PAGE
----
Steve Pomeranz: Bob Kulhan is an actor and former faculty member in Chicago’s famed Second City. His company, Business Improv, creates corporate training programs, which use the direct connections between improvisation and business. Bob has worked with the likes of Tina Fey and Amy Poehler, and his techniques are something that we can all use, whether it’s for business or just to interact more productively with the people around us. Bob Kulhan, welcome to the show. So happy to have you.
Bob Kulhan: Steve, thank you very much for having me. I’m excited to be here.
Steve Pomeranz: So you’re steeped in the background of improv and have worked with so many people in that industry and learned a lot of the techniques. How did it occur to you that these techniques could be valuable in the business world?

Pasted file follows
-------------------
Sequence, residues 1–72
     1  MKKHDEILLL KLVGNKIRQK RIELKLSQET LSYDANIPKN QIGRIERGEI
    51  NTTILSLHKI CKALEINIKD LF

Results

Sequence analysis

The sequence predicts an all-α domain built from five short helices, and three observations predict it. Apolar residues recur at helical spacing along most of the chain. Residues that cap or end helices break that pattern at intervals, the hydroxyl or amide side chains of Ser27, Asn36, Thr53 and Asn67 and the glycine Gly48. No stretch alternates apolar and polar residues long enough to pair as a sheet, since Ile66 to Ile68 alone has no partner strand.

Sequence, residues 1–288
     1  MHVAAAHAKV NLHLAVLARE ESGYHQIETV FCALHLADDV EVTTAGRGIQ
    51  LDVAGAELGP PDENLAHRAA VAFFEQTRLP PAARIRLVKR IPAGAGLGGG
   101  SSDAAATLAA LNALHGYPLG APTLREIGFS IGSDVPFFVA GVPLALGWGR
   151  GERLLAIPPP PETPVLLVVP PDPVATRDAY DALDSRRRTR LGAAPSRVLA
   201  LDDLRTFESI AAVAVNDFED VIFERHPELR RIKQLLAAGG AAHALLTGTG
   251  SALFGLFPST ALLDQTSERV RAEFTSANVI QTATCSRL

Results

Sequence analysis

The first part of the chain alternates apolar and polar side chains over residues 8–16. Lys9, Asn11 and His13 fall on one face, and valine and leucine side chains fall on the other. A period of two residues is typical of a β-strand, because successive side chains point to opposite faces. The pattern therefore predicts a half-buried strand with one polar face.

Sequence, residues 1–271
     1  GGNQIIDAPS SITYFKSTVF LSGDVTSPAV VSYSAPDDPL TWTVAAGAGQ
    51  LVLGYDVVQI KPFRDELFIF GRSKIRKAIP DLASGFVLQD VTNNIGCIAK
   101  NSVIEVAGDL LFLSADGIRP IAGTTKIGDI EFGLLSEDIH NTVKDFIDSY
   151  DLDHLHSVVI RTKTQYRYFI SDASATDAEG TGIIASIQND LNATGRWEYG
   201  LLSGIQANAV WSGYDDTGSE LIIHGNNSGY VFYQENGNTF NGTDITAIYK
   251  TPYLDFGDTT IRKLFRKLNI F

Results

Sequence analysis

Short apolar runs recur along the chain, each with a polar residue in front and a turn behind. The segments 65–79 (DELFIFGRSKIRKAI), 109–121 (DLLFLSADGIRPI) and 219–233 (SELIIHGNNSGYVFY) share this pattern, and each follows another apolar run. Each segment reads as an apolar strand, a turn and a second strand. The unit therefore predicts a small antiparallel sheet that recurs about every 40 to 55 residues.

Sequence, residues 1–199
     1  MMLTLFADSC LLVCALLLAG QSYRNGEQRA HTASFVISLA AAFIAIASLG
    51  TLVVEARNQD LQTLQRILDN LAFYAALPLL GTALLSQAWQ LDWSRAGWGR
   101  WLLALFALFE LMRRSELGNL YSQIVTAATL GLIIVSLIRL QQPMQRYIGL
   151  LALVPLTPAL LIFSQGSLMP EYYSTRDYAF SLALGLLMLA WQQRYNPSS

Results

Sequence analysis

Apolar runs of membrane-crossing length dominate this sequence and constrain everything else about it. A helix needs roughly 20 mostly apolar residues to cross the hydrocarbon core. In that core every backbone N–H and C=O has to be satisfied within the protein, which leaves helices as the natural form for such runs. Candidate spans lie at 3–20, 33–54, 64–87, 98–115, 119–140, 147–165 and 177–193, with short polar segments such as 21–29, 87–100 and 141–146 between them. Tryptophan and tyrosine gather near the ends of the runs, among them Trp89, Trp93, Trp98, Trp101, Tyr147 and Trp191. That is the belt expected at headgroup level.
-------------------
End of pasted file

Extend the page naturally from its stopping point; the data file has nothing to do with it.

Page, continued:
Bob Kulhan: I have an undergrad in business, and I was quite successful in business before my mid-20s, 24, 25. I left business to get into improvisation and do the best I can never to enter business again, only to find out that in the mid-’90s, a professional improviser was a contradiction in terms.
I started doing a lot of corporate training for a lot of other great houses in Chicago, and it was, at that time, in the late ’90s, very vacuous, empty. People were taking the programs and saying, “It was fun; I just can’t use any of this stuff. And now I have to actually go back to work and make up for the three, four, or five hours I spent here.” So, it was kind of a fun waste of time.
I knew that there was more substance between two things that I really loved, business and, of course, improvisation. I had a very serendipitous turn of events take place in which the Duke Fuqua School of Business was looking for some experiential learning, and I was in the right place at the right time to start collaborating on some experiential learning, and then we were off and running.